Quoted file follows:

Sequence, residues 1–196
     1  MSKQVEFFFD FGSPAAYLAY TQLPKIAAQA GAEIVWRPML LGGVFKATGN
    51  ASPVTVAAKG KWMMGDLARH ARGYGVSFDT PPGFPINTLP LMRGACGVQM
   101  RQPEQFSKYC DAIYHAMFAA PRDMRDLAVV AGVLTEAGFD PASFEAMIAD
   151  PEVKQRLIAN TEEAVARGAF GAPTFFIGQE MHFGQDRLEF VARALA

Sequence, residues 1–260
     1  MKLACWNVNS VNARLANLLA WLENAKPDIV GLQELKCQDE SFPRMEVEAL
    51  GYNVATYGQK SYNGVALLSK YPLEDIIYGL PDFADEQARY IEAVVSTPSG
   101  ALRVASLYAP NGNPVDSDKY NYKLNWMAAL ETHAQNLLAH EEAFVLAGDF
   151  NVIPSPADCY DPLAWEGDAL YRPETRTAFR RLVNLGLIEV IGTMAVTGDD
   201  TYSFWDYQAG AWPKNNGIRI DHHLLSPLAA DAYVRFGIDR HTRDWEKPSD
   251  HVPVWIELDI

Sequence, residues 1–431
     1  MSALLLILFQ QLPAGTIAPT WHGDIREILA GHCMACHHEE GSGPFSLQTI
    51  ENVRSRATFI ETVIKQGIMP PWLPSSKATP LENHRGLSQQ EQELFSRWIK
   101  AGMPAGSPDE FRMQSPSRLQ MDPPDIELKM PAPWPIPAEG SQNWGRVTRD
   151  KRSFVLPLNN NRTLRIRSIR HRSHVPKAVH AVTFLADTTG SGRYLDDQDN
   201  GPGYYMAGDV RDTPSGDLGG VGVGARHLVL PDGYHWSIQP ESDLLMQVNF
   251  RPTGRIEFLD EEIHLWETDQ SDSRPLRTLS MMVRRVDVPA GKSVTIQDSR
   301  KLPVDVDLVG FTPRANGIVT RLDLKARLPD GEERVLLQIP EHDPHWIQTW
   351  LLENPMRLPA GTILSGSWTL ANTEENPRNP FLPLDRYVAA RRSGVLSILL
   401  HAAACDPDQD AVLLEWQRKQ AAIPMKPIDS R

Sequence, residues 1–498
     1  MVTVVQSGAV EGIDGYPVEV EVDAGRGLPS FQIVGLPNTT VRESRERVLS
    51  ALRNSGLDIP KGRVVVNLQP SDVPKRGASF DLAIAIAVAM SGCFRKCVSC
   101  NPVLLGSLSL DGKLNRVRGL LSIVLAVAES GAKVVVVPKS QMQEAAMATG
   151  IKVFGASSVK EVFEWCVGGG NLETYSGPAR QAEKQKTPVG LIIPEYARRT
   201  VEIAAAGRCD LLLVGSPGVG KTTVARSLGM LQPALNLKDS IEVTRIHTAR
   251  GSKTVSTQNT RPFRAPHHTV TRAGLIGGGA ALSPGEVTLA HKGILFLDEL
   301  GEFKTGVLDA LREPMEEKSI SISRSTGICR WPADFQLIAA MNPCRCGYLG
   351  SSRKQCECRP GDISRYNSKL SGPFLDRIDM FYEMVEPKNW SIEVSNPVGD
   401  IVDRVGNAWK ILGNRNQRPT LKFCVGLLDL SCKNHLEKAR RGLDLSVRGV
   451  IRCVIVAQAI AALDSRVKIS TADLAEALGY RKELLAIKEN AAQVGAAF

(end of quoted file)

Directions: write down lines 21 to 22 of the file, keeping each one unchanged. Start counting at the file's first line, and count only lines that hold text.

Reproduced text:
   351  LLENPMRLPA GTILSGSWTL ANTEENPRNP FLPLDRYVAA RRSGVLSILL
   401  HAAACDPDQD AVLLEWQRKQ AAIPMKPIDS R